sheltered inside someone's house).
I am an avid bird counter (my wife would say obsessive) and I've yet to see a single fantail since the second big snow, which ended over a week ago. On my weekly runs between Wigram and the Cashmere hills, I almost always see fantails. I've done two runs since the snow, and no fantails. On my bike into work at Lincoln, I usually see fantails, almost always when I go the long way through Tai Tapu. So far, three rides, including through Tai Tapu, and no fantails. My wife saw one fantail at Victoria Park yesterday, just one, after we've spent several hours in combination there since the snow.
How about you? Have you seen fantails? Where? Now is the time to use NZBRN and record where you are seeing, and equally importantly, not seeing fantails. When using NZBRN, you can tick the "Sought but not found" box to mark places and times where you looked for fantails unsuccessfully.
This is an important opportunity to learn where in our landscapes most fantails survive these storms. Fantails are prolific breeders and eventually bounced back after the big 1992 August snow storm. It is quite plausible that some places are where most of the survivors are, and these places play a disproportionately large role in the population's recovery. Perhaps it's sheltered dense lowland forests on low northern slopes facing away from the storm (not that Christchurch has any of them left). In Christchurch, perhaps it's Bottlelake Plantation, a large lowland pine plantation that presumably is partially sheltered from the worst of the winds and snow by Banks Peninsula. Perhaps it's sheltered well-wooded gardens without cats.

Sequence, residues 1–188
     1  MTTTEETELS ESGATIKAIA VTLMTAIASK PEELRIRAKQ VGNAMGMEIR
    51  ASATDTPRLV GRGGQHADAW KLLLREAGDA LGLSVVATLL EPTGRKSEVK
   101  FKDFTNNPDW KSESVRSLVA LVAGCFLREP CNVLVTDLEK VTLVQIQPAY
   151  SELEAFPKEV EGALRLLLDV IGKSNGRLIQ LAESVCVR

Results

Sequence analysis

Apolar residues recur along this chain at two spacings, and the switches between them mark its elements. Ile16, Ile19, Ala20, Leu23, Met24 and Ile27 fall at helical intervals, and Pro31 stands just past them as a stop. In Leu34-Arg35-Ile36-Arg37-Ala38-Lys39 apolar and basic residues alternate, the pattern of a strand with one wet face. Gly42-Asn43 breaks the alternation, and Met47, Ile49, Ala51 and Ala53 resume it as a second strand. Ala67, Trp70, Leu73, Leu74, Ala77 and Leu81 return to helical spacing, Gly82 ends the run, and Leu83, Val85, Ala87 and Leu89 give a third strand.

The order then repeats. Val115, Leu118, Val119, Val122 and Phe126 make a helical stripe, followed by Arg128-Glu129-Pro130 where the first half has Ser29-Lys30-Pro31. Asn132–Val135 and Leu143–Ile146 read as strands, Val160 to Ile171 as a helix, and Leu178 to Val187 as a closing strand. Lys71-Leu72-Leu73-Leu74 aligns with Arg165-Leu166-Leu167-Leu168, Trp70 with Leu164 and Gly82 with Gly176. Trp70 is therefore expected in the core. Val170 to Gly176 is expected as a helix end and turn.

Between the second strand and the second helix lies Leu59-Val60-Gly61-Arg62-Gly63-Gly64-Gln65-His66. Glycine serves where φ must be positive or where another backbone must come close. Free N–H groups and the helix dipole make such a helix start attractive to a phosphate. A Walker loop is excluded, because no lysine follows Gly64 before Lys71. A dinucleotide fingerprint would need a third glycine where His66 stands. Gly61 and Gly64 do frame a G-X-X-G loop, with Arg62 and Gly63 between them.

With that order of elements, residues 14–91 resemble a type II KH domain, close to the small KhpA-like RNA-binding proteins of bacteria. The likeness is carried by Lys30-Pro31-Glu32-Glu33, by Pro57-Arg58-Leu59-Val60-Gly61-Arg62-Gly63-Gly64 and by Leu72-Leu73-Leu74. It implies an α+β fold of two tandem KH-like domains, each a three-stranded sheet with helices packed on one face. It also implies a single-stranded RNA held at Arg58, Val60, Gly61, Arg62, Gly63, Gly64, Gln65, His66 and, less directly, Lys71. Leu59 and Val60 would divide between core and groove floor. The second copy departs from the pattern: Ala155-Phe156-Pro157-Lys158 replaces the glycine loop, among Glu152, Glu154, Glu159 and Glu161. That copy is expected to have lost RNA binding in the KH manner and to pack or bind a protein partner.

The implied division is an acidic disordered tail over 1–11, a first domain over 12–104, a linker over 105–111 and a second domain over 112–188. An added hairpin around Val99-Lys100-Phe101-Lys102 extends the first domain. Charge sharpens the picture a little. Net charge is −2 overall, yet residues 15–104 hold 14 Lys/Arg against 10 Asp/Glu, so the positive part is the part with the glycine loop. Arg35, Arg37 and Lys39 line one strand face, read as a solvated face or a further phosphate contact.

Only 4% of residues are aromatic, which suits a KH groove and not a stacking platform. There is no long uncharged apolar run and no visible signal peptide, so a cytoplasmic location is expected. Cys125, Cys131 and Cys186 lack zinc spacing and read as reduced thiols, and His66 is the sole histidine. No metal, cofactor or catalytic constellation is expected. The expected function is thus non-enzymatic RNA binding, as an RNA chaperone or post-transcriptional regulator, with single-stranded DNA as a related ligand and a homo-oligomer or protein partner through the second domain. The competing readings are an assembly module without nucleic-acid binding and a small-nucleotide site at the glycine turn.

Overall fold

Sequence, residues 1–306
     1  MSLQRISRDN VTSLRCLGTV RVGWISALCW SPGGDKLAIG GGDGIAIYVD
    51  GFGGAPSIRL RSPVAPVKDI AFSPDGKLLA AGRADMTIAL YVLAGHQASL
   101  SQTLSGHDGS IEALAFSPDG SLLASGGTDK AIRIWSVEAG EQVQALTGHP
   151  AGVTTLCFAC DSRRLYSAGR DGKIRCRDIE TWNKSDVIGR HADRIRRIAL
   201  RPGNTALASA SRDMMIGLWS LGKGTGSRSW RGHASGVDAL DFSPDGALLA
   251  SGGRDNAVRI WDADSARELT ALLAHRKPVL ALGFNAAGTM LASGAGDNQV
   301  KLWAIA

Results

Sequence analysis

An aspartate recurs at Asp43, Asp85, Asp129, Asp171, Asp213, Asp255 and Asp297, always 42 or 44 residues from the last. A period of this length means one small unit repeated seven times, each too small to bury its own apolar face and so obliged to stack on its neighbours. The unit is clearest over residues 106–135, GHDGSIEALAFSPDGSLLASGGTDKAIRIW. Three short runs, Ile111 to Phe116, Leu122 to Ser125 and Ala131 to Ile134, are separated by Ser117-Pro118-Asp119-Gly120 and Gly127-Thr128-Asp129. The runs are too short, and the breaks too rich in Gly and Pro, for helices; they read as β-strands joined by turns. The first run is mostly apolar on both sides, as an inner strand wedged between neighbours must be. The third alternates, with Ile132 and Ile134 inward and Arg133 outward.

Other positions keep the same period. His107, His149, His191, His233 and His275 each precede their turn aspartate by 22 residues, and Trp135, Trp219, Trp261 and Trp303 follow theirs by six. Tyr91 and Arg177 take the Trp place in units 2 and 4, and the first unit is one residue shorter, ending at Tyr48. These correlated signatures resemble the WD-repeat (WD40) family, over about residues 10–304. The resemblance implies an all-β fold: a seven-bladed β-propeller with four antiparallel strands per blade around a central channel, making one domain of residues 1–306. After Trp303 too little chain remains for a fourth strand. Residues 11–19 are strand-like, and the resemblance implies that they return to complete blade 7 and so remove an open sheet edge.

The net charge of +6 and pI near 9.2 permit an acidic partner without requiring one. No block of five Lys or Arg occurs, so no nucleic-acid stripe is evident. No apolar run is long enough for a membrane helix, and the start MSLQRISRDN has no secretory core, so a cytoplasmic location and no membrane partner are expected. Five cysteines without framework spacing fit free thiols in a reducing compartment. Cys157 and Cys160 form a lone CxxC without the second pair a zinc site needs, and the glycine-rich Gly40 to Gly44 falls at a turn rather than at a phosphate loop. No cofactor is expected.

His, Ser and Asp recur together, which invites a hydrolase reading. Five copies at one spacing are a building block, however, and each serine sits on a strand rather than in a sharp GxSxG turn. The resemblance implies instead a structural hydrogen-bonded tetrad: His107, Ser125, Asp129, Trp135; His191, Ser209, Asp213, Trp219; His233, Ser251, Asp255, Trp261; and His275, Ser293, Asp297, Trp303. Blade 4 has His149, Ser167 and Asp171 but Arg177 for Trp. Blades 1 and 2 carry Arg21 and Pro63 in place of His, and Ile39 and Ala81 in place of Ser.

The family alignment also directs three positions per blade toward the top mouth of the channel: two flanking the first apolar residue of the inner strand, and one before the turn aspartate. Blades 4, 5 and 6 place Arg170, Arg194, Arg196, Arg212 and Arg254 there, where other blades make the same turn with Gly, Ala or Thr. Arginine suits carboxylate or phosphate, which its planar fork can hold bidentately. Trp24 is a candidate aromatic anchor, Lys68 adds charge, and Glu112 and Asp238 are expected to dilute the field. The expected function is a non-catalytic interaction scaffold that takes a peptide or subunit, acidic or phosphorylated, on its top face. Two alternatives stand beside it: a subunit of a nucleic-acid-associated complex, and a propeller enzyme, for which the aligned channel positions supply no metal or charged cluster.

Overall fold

Only lots of your observations can tell us this.
Go the All Blacks?
In the South Island, we have both pied and black phase fantails. The black birds are found only rarely in the North Island and are associated with the colder climes here in the South Island. If you decide to record survivors of the 2011 Big Snow, it would also be useful if you recorded in the NZBRN comments whether each bird you see is pied or black. Perhaps the black birds, by soaking up more sunshine, were a bit better able to cope with the recent bleak conditions. The fantail population may become more black just in time for the Rugby World Cup!